In Relation to a Scheme that Cost Bank $315 Million, Ex-HBOS Bankers Convicted

For participating in a scheme that siphoned millions from failing businesses and eventually cost the bank around 250 million pounds ($315 million), two former HBOS Plc bankers were convicted by a London jury.

Found guilty of a string of fraud offenses that allowed the men for whom bribes, luxurious foreign travel and high-class escorts became the norm were Mark Dobson, an HBOS banker and David Mills, a turnaround consultant. Pleading guilty to six counts of fraud and corruption before the trial started last year, was Lynden Scourfield, another HBOS employee, whom prosecutors had put at the center of the crime.

“Scourfield worked in a section of his bank which was supposed to help struggling businesses but instead, motivated by greed, he went about stripping them of their assets,” Stephen Rowland, a lawyer in the Crown Prosecution Service’s fraud division.

HBOS was hurt financially as well as hurt its reputation by the legal fight which came yo an end with the verdict. A state-brokered takeover by Loyds Banking Group Plc in 2009 and a 20.3 billion-pound taxpayer bailout was the result of the most controversial episodes of Britain’s financial crisis perpetrated by the Edinburgh-based HBOS.

Identified as an embarrassment, if not a key factor in the HBOS’ collapse, was the conspiracy, which was run out of the bank’s Reading branch. Mills was able to collect high consulting fees as well as take over the struggling small businesses and load them with excess debt that HBOS was ultimately responsible for and enticed his co-conspirators between 2003 and 2007 with cash payments, holidays and prostitutes, the police said.

While Mills’ wife was also convicted, two businessmen – Michael Bancroft and Tony Cartwright were adjudged guilty of conspiracy to corrupt, fraudulent trading and conspiracy to conceal criminal property.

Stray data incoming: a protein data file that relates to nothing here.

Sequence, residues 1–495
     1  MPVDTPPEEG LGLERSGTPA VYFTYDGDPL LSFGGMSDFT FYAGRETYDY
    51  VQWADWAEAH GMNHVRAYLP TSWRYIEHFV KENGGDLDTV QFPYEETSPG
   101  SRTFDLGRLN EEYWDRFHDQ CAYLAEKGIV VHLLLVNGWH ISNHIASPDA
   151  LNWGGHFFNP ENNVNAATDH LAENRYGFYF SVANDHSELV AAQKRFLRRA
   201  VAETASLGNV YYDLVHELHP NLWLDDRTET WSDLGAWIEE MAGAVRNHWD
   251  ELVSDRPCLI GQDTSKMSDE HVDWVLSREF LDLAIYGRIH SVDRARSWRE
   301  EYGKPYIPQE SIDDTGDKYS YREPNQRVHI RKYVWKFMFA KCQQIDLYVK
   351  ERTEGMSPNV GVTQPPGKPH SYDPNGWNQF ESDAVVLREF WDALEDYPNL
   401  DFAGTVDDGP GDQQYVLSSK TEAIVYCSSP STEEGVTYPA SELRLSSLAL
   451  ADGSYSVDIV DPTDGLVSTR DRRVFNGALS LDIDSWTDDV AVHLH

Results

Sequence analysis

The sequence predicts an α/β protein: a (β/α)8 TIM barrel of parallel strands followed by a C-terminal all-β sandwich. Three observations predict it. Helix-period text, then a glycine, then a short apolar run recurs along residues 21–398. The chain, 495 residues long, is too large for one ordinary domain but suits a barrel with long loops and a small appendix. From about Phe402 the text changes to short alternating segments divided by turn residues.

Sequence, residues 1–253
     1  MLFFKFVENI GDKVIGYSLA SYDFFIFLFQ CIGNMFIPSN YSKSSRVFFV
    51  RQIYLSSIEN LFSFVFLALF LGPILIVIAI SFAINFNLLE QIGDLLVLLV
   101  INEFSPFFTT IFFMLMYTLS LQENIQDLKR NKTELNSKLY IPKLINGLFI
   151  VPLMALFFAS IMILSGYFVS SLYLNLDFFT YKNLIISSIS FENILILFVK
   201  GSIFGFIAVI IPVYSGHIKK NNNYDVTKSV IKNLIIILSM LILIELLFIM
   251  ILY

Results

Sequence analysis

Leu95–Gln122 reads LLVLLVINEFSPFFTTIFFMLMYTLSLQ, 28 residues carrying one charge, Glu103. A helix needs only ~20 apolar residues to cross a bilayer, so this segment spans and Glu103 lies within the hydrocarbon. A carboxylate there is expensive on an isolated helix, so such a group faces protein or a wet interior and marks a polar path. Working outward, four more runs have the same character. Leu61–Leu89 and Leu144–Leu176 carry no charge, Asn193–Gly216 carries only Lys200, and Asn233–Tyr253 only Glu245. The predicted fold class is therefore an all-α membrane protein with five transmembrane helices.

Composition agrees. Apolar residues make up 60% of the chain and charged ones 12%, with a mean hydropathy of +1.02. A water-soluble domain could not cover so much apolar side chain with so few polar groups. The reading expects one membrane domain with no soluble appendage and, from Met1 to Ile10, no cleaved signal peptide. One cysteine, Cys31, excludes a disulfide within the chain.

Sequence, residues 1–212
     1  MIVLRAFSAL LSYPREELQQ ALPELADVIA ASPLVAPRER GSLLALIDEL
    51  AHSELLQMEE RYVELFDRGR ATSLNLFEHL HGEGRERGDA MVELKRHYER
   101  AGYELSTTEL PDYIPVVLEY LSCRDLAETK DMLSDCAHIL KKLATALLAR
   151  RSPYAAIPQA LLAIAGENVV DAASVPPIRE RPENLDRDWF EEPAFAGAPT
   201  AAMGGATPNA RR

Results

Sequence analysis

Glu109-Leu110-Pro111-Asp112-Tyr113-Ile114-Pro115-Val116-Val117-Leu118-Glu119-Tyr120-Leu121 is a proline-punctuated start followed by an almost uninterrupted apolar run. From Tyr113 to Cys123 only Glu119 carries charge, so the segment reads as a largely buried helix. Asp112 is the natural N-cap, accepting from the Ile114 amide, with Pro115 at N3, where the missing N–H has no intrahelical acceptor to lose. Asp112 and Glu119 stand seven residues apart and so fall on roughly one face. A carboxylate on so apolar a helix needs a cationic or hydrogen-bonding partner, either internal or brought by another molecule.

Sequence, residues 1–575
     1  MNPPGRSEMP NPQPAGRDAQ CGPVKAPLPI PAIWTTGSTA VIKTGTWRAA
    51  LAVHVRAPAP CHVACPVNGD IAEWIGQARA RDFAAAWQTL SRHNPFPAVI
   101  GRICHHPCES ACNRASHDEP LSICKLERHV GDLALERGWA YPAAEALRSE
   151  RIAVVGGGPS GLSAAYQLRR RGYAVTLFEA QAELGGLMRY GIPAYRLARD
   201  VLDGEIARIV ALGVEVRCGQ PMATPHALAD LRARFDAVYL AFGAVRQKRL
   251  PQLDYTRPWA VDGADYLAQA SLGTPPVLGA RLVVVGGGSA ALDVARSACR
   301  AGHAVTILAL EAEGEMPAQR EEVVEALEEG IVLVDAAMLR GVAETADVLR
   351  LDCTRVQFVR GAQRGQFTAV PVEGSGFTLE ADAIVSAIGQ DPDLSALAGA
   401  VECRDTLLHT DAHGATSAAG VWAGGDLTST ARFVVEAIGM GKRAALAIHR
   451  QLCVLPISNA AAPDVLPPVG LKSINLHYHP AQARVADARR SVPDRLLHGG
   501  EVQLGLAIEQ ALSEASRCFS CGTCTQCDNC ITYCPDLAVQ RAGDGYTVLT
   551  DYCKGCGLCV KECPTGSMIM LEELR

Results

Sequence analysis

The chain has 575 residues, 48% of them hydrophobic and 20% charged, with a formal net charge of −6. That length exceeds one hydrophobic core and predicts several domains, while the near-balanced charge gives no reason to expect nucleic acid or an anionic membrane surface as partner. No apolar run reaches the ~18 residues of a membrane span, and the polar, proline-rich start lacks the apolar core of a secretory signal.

The investigation into the fraud uncovered luxury properties in multiple countries and even Mills’s five-bedroom, 100-foot yacht called the Powder Monkey and took police six years to bring to court.

Using e-mails to show how much the men relied on each other, the relationship between Scourfield and Mills was central to the fraud, prosecutors said during the trial. Scourfield told Mills “I’ll always stick by you, ” according to a 2006 message shown to the jury.

The bank would only support their companies if they hired Mills, who then added himself, or an associate, as director, Scourfield would tell his troubled customers. With Mills taking large payments and sharing them with Scourfield through gifts, the debt at the ailing companies would skyrocket.

Several months later, Scourfield told Mills “I have been confirmed as grand wizard,” and Mills responded “Great. Marry me!” Scourfield’s e-mail reply said “I thought we were already.”

with 150 officers and staff poring more than 500,000 documents, Thames Valley Police said it was the most complex case it had ever handled.

“I hope that this case offers closure and justice to the victims of this organized crime group,” Detective Superintendent Nick John said in a statement. “These are normal hard-working people who have had their lives and had their livelihoods ruined by this.”

(Adapted from Bloomberg)


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